4. You are fat or lazy by triathlete standards–it helps to be both

Swimming

If you’re like me, when you first hear “1.2 mile swim”, it’s very intimidating. I promise you that when you finish training it will seem like nothing. In fact, my whole training philosophy is based on the premise that the swim is nothing.

Here’s the thing–if you didn’t grow up swimming, chances are you will probably never be great at it. In order to get fast you have to swim A LOT. I’m not really interested in that because (a) it’s boring and (b) planning for a 6 hour 1/2 ironman means you’ll be swimming from 30 to 40 minutes on race day. It’s just a warm up for the rest of the race. Losing or gaining 2 minutes or so in the swim is pretty negligible, and I want to get the maximum race time reduction for each minute spent training.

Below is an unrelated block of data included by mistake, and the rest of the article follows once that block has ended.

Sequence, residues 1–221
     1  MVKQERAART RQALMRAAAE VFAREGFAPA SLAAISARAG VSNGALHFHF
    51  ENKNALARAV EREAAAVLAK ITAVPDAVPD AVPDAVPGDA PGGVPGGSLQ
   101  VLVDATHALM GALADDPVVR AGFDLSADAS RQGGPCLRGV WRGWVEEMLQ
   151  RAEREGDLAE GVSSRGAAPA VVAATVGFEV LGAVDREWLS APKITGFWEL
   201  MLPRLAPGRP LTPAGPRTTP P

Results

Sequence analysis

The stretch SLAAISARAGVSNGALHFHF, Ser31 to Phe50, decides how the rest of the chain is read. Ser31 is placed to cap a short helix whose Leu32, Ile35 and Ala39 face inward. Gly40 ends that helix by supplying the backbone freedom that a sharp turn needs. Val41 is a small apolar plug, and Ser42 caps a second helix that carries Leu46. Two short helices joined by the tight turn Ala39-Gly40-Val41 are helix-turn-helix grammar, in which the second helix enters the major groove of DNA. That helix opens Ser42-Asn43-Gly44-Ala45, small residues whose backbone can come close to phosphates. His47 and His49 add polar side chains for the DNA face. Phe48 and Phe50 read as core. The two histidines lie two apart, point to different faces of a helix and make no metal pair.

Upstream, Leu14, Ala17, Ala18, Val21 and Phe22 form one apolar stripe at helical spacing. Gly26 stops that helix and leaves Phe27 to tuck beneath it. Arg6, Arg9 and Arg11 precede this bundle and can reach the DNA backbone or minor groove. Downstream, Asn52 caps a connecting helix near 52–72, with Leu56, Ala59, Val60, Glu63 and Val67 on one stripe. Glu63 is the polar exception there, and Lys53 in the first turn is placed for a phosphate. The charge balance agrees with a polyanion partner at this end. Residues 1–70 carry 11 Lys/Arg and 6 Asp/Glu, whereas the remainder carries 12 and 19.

I went to a master swim class for a few weeks when I first started swimming, and the coach helped me work on stroke efficiency. The first day I swam one lap, and she counted 23 strokes for a length of the pool (25 yards). She stopped me, told me two things to change, and I was immediately down to 19 strokes per length. I kept going back until I was down to 15 strokes, then left with her tips and eventually got down to 12-13 on my own. All the while, my speed was improving. Makes sense, because I was not tiring out as fast.

I also started noticing that swimming “harder” didn’t gain me much time. It gained me a little, but not a lot. But swimming hard was jacking my heart rate up to ~160, while I could swim easy and keep it at ~120. All this work and training for, at best, a 5 minute gain on race day? No thanks. I worked my way up to 2,200 yard (1.2 mile) nonstop swims, and then did one swim a week of the full distance, making sure I kept my heart rate down. This was basically to keep myself mentally prepared to do it.

Cycling